Tra Walk On a clear day, fourteen counties are visible from this walk. Home Walking Trails Tra Walk Approach the…
On a clear day, fourteen counties are visible from this walk.
The “Tra” walk gets its name from the prominent lankmark – Lough Antrawer – that you pass along the way. The walk traverses through forestry tracks and upland blanket bog of Sliabh Beagh. Enjoy panoramic views as you approach the summit of Sliabh Beagh. On a clear day, fourteen counties are visible from this walk.
The loops begins and ends at the Sliabh Beagh Hotel and whilst it is mostly off-road, the stretches to and from the hotel are on-road for short distances and care should be taken where no footpath is available.
From the hotel you can follow this walk in either direction. The following account is based on an anti-clockwise direction, turning left from the hotel. Follow the road with care for half a kilometre until the route turns into a minor country road that is closed to traffic (apart from agricultural access).
The walk moves uphill past the small enclosed fields of the lowlands towards the blanket bog and open grazing of the uplands. As you climb the hill you will no doubt stop to catch your breath and enjoy the fine views southwards into the midlands. Moving on you’ll pass the local sandstone quarry from where the beautiful golden sandstone of Sliabh Beagh is cut for facing and ornamental work.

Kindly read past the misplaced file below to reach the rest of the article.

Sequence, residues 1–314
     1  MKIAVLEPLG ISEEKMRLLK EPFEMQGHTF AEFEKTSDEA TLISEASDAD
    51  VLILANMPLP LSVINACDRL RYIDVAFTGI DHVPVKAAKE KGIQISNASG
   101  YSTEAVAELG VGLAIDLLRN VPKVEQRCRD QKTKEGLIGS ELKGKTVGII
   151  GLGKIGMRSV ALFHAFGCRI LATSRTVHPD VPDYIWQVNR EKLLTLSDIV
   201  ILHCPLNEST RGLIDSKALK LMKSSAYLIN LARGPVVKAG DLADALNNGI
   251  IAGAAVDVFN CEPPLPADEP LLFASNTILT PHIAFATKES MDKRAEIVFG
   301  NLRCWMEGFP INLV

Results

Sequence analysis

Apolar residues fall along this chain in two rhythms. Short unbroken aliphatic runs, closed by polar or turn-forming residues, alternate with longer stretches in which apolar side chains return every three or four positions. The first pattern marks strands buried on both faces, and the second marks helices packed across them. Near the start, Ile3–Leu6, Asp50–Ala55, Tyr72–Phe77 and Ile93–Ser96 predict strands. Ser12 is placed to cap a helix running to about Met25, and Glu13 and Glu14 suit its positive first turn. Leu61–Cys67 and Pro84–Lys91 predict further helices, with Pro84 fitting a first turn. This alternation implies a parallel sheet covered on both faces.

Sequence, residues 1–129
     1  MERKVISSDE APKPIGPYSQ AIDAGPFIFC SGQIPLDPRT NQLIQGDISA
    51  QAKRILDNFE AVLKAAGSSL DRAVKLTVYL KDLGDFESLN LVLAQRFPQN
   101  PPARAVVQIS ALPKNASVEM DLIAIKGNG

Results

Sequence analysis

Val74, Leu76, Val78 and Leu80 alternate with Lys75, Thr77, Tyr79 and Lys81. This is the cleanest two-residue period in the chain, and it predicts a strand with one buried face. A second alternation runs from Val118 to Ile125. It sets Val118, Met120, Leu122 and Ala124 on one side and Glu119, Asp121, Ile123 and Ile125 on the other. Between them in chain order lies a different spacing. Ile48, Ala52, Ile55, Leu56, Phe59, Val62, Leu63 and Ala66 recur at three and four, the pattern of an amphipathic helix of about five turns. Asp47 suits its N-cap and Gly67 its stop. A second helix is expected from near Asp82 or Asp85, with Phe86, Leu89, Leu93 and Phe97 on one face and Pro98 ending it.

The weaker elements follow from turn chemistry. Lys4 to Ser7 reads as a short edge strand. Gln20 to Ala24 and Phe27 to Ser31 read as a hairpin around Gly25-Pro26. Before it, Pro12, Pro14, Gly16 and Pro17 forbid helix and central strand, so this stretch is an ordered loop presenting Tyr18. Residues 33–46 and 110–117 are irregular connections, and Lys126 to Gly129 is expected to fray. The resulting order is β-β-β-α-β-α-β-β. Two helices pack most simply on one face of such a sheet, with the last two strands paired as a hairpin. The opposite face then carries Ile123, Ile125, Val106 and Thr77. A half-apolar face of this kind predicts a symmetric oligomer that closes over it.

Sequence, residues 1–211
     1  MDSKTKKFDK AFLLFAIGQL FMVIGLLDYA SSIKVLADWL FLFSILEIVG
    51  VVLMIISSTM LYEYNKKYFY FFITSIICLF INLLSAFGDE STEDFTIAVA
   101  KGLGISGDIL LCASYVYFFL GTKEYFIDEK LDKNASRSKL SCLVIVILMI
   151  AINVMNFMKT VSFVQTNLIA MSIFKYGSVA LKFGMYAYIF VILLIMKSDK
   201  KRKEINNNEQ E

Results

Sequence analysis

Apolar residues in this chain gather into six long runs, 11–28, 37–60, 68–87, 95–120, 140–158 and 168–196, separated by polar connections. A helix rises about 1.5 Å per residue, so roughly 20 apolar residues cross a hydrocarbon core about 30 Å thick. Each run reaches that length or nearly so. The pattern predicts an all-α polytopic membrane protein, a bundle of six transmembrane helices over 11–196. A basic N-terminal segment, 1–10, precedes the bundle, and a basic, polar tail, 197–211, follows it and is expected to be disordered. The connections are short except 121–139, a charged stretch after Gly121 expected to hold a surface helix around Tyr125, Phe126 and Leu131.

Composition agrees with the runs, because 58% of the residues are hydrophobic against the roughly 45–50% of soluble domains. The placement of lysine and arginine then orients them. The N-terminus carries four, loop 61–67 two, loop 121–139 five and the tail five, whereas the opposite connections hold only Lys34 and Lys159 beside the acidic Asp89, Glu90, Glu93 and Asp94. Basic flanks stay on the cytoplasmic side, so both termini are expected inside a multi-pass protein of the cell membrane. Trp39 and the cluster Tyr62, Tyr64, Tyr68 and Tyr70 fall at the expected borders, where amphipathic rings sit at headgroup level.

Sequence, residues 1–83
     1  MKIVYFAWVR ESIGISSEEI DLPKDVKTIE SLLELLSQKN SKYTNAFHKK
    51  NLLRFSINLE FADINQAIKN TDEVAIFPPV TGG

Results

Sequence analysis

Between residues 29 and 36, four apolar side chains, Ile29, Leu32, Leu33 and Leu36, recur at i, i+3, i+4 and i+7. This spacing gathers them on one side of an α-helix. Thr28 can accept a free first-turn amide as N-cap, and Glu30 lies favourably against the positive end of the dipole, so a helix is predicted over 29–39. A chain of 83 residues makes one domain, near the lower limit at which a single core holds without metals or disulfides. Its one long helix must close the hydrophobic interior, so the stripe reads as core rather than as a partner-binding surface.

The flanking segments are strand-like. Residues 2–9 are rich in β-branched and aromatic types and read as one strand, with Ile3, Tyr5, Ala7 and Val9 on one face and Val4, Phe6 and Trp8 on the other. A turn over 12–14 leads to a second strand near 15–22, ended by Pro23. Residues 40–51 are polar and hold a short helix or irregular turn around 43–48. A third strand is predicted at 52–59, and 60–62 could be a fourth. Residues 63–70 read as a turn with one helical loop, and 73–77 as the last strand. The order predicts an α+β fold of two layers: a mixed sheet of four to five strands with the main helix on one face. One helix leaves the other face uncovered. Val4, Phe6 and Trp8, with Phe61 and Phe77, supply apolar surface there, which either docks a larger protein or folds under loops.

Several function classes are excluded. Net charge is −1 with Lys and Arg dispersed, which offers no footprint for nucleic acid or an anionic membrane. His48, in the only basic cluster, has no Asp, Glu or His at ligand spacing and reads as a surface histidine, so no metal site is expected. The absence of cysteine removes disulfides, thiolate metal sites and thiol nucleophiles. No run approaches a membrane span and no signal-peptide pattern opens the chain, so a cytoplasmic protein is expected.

Turning left at Lough Antrawer, the route shares part of the Sliabh Beagh Way, crossing two feeders of the lake and of the Blackwater. Towards evening the calls of grouse, snipe and skylark mingle across the heather tops in a final flurry of song before slowly giving way to the stillness of the night.
The path continues on the far side of the cutting. If you’re passing in early summer you’ll see the white heads of the Bog Cotton plant bobbing in the breeze in the wetter cutaway areas. Just ahead of you – about 100 meters – is the border with County Fermanagh into which the Sliabh Beagh Way continues. To the north lies the “Three Counties Hollow” where the Ulster counties of Fermanagh, Tyrone and Monaghan meet.
The path moves along past a very rich uncut blanket bog area and then down through forestry plantations towards the Fivemiletown Road. This area is popular with wild goat and deer as they are never too far from forest cover. A short stretch of road brings you back to the Sliabh Beagh Hotel.